Grapengeter-Rudnick ’17: Let’s go back to basic reportage

Opinions Columnist

Where do you get news that you trust?

Technological innovation is begging us to reconsider where we get our news, how it is conveyed and how we perceive it. Most news channels have their slants and biases, relieving us of certain interpretations while encouraging others and painting the news in a certain light. The news these days is decided purely from a marketing standpoint, not from the actual occurrences of which the public should be aware.

This has been the growing cry from many news readers who prefer receiving their news in the traditional, impartial way — sans drama and hyperbole. This past week, this complaint was placed on center stage with the coverage of the shooting at the Canadian parliament building.

Scott Bixby, social media editor for the Daily Beast, tweeted a revealing juxtaposition of two photos. They were both screenshots of the home pages of national news networks concerning precisely the same incident, but the portrayals were wildly different. The headline of the Canadian network CBC News reads “Live: Soldier dies after Parliament Hill attack, gunman also shot dead.” On the other hand, America’s CNN displays the headline in a bold, overbearingly large print: “Breaking news: TERRIFIED CAPITAL” with the subheading “Soldier killed at Ottawa memorial.”

We can start with the irony that Canada’s news is a calmer demonstration of dispassionate reportage though that country is bearing the brunt of this crisis. The U.S. media is making itself look like a histrionic teenager who dramatizes and advertises every little occurrence, regardless of proximity.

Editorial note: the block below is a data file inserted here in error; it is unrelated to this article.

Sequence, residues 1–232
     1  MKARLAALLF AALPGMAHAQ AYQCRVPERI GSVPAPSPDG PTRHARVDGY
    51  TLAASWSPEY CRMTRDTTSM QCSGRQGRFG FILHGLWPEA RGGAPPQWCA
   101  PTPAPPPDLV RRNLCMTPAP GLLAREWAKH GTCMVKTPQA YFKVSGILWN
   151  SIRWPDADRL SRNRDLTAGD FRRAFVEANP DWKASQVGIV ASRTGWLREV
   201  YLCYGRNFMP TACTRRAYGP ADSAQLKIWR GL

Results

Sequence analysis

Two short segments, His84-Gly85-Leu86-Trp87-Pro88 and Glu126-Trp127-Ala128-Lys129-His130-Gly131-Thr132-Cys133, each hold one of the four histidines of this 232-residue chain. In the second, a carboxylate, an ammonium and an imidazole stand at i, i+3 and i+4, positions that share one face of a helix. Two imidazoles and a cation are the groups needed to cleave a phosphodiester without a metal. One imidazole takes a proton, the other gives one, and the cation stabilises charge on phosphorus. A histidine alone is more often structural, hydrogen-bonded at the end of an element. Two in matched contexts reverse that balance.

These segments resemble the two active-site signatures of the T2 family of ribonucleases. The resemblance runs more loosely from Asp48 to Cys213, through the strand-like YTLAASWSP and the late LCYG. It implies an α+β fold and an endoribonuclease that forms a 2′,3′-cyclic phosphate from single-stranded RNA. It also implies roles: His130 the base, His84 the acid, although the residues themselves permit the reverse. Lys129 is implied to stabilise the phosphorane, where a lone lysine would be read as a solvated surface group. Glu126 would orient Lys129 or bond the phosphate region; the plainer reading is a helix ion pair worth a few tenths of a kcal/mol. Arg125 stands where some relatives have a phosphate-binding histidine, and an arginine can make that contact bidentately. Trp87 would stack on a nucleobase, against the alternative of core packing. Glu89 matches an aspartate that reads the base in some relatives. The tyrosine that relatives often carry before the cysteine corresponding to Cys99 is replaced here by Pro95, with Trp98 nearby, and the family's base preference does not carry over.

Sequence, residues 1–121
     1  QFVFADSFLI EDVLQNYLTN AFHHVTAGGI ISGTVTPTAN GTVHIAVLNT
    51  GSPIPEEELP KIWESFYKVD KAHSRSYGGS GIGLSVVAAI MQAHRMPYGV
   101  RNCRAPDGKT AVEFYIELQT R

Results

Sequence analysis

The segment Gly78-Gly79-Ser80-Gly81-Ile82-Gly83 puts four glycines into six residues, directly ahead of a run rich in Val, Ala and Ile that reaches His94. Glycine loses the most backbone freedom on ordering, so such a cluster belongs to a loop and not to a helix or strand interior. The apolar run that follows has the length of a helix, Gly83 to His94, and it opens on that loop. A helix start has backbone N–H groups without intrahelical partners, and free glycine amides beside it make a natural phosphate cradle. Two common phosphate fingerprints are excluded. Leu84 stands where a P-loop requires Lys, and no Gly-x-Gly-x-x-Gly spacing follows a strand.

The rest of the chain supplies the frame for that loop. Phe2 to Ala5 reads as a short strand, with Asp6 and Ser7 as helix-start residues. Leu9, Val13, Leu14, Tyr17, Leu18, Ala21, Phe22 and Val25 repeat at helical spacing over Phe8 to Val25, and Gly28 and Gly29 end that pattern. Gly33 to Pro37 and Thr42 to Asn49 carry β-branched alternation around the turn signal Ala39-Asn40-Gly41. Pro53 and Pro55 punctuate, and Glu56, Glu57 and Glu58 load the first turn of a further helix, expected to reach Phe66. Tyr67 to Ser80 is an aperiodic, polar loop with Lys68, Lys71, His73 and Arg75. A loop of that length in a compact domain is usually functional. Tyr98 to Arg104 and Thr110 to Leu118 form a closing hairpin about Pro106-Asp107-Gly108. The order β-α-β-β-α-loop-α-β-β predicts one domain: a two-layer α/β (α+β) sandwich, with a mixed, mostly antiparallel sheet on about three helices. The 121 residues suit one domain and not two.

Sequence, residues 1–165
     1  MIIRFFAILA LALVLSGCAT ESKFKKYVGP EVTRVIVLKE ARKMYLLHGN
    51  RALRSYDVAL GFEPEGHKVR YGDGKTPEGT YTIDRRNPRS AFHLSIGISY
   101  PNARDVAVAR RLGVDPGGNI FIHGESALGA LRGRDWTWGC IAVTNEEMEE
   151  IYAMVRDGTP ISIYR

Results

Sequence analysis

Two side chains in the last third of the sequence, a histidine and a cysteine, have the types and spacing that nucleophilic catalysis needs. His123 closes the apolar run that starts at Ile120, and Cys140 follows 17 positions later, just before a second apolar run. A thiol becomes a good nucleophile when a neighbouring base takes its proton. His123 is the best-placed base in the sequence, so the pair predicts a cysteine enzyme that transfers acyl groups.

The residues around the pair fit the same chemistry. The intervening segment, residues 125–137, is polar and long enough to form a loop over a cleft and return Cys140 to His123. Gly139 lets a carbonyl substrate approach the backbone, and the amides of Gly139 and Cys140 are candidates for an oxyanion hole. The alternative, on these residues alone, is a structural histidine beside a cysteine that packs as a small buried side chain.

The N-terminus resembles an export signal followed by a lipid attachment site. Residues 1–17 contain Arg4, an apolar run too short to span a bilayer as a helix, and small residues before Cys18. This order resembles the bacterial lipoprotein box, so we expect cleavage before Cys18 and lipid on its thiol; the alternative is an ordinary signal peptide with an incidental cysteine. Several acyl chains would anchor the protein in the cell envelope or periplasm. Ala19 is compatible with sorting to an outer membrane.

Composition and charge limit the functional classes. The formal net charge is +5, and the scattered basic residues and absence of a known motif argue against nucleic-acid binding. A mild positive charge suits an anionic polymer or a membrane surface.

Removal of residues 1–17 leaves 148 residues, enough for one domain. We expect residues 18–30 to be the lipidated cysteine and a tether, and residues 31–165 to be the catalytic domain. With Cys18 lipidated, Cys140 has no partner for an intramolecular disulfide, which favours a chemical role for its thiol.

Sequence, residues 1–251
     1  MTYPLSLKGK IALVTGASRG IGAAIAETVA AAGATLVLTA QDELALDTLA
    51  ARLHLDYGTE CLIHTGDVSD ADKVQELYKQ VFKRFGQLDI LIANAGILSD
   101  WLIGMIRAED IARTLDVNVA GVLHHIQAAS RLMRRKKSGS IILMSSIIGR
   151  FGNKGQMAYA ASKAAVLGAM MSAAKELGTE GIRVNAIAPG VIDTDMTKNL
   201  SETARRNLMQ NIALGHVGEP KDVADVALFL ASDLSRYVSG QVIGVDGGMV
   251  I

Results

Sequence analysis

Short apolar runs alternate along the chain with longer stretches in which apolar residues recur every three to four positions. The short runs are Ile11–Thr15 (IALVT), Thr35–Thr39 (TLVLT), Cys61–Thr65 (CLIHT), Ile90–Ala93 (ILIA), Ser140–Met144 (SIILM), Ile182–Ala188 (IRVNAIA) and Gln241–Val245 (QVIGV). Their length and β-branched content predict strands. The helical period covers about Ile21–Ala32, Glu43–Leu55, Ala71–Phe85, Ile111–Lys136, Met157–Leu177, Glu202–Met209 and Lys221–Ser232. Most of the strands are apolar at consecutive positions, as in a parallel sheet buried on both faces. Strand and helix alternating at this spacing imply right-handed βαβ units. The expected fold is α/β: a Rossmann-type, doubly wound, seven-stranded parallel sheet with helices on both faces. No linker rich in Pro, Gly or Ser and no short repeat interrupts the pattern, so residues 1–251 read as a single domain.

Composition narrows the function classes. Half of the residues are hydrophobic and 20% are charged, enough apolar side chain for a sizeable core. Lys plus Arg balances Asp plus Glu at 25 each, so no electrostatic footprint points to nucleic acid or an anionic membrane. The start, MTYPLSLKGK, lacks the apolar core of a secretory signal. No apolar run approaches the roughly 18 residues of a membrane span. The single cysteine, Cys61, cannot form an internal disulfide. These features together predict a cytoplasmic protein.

Journalist Mark Joyella calls the U.S. media out on this in a piece for Mediabistro’s TVNewser site; he says that while watching the CBC coverage of the incident, he could only think of how “un-American” the segment came off. Joyella touches upon certain faults in American coverage when he explains that while watching Canadian news, he “never heard a second of dramatic music, never saw a full-screen wipe with a catchy graphic like TERROR ON PARLIAMENT HILL, and never, ever heard (Peter) Mansbridge or any of the CBC’s reporters dip even a toe into the waters of self-promotion.”

It is saddening that we, American viewers, have become so accustomed to the glorified marketing ploys that we call news that it is noticeable when a foreign reporter is sporting a calm demeanor while being honest about having unsubstantiated information.

Nick Martin, associate editor for Talking Points Memo, tweeted a photo of an actual Fox News poll asking what the greatest threat to the United States is right now. The results? 50 percent ISIS. 27 percent Ebola. 18 percent ISIS and Ebola.

This says just a bit about the disproportionate manner in which U.S. news is reported today. As Zack Beauchamp wrote on Vox, “it is possible to cover these stories in a way that acknowledges their danger without over-hyping it.” The majority of Americans should not be considering ISIS a vital threat, when experts say it isn’t really that imminent. I’d attribute this to overly embellished reportage that plays on an element of pathos.